The real world is hot and smoky and filled with dirty dishes.
Oh, and the moon is bushfire red.
It’s a bit of a shock to the system after the flooding rain and waterfalls and fresh mountain air in New Zealand.
I arrived home from the airport around 8pm on Wednesday night and immediately started cleaning up the trail of devastation created by a 16-year-old lazing around eating boxed mac and cheese, pizza and two-minute noodles for a week.
I’d left proper food behind, including a big tub of homemade pie mince and frozen pastry sheets, but I came back to the good stuff mostly uneaten.
Yesterday was a mad one at work, getting together eight stories for my weekly Drinks Trade newsletter, including the early morning breaking news that Carlton & United Breweries had bought a popular craft brewer called Balter.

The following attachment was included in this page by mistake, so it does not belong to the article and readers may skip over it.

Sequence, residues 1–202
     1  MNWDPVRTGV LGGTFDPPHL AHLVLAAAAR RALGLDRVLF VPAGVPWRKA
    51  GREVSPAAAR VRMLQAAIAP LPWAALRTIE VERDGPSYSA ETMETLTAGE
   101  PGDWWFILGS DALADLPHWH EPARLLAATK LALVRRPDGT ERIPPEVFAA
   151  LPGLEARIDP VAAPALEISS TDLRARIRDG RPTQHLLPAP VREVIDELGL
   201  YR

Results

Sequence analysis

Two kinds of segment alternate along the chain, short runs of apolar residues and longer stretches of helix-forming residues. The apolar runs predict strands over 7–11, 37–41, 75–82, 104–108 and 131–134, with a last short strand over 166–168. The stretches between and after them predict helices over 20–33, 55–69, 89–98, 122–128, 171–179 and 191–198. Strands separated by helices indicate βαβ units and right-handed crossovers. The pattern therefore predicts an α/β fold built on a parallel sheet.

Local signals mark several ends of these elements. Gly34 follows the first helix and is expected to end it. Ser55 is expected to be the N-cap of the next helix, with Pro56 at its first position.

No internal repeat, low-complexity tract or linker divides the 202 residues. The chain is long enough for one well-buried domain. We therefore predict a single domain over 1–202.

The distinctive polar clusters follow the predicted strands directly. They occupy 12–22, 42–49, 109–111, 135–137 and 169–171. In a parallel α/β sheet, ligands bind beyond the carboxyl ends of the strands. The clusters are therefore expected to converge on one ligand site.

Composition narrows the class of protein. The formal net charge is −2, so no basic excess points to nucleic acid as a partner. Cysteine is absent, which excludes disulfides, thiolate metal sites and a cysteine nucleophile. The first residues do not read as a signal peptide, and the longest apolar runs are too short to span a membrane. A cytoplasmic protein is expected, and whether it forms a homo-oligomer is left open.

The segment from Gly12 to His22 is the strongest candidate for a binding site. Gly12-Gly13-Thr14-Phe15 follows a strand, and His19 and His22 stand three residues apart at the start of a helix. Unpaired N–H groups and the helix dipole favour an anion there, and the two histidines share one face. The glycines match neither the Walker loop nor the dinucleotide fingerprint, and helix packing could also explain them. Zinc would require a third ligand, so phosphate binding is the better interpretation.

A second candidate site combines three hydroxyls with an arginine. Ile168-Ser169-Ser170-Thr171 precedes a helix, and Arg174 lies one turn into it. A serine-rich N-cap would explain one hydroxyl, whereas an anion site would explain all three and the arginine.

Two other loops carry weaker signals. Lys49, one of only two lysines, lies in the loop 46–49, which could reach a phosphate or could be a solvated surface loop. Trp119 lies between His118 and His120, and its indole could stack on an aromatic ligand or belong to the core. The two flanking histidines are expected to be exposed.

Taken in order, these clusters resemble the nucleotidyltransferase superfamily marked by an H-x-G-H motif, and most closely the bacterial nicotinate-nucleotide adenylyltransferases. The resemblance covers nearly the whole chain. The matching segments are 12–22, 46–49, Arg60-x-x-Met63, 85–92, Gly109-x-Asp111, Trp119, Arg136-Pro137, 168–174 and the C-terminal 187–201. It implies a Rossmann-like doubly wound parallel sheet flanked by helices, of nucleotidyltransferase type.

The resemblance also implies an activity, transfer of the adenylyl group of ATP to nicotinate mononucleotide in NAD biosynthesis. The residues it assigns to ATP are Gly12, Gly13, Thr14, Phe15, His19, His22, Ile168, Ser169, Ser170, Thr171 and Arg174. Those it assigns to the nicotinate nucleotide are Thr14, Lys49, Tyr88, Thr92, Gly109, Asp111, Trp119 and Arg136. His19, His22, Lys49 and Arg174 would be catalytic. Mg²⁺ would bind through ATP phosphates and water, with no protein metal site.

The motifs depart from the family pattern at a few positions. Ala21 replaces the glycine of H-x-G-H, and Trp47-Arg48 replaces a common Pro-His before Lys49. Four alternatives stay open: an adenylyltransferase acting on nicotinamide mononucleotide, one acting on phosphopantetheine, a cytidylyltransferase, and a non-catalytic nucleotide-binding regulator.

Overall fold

The mortgage broker arrived around lunchtime to grab the paperwork for my new financing. Business must be good – we signed the forms on the boot of his white convertible Mercedes and he handed me a $200 Westfield gift card.
After work I headed to Woolies to restock the fridge and pantry, then cooked dinner, watered the new hedge, put on a few loads of washing and dabbed eczema ointment on the youngest’s eyelids.
Sitting in the Pinot Pit drinking pink bubbles was much more fun.
Looking through my holiday selfies has been a bit confronting though, as it sometimes feels like my grandmother is peering out from my face. I don’t mean that in an I-look-old way, it’s more that I see her in me.
I particularly noticed her echo in this make-up free one:
That’s me as a baby in the right hand one with her.
I miss my Nan very much. So does my Mum, so I imagine seeing my selfies freaks her out a bit too.
Anyways, today is another huge one, but filled with fun. I have my work Christmas lunch, a Taylors Wines function and possibly a glass of birthday bubbles with my sister afterwards.
The kids will forget what I look like again.
Have an awesome weekend and I’ll update you on my shenanigans next week.
Song of the day: Barbra Streisand “Memory”